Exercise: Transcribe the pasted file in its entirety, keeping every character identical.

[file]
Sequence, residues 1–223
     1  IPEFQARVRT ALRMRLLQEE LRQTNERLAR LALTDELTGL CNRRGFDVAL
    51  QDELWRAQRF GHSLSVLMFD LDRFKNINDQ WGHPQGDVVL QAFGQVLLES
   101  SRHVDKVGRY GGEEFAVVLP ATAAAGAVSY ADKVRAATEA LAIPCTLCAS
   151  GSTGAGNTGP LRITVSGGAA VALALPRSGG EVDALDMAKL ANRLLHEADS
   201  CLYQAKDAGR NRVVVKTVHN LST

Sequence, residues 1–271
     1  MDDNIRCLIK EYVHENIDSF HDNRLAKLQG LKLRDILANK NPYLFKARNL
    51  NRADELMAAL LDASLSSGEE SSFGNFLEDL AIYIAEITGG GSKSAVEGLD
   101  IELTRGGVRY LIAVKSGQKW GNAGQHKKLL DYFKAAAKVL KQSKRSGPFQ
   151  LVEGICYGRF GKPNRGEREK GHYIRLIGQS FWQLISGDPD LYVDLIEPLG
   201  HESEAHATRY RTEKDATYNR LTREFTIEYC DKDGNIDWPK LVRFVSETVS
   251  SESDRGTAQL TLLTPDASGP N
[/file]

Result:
Sequence, residues 1–223
     1  IPEFQARVRT ALRMRLLQEE LRQTNERLAR LALTDELTGL CNRRGFDVAL
    51  QDELWRAQRF GHSLSVLMFD LDRFKNINDQ WGHPQGDVVL QAFGQVLLES
   101  SRHVDKVGRY GGEEFAVVLP ATAAAGAVSY ADKVRAATEA LAIPCTLCAS
   151  GSTGAGNTGP LRITVSGGAA VALALPRSGG EVDALDMAKL ANRLLHEADS
   201  CLYQAKDAGR NRVVVKTVHN LST

Sequence, residues 1–271
     1  MDDNIRCLIK EYVHENIDSF HDNRLAKLQG LKLRDILANK NPYLFKARNL
    51  NRADELMAAL LDASLSSGEE SSFGNFLEDL AIYIAEITGG GSKSAVEGLD
   101  IELTRGGVRY LIAVKSGQKW GNAGQHKKLL DYFKAAAKVL KQSKRSGPFQ
   151  LVEGICYGRF GKPNRGEREK GHYIRLIGQS FWQLISGDPD LYVDLIEPLG
   201  HESEAHATRY RTEKDATYNR LTREFTIEYC DKDGNIDWPK LVRFVSETVS
   251  SESDRGTAQL TLLTPDASGP N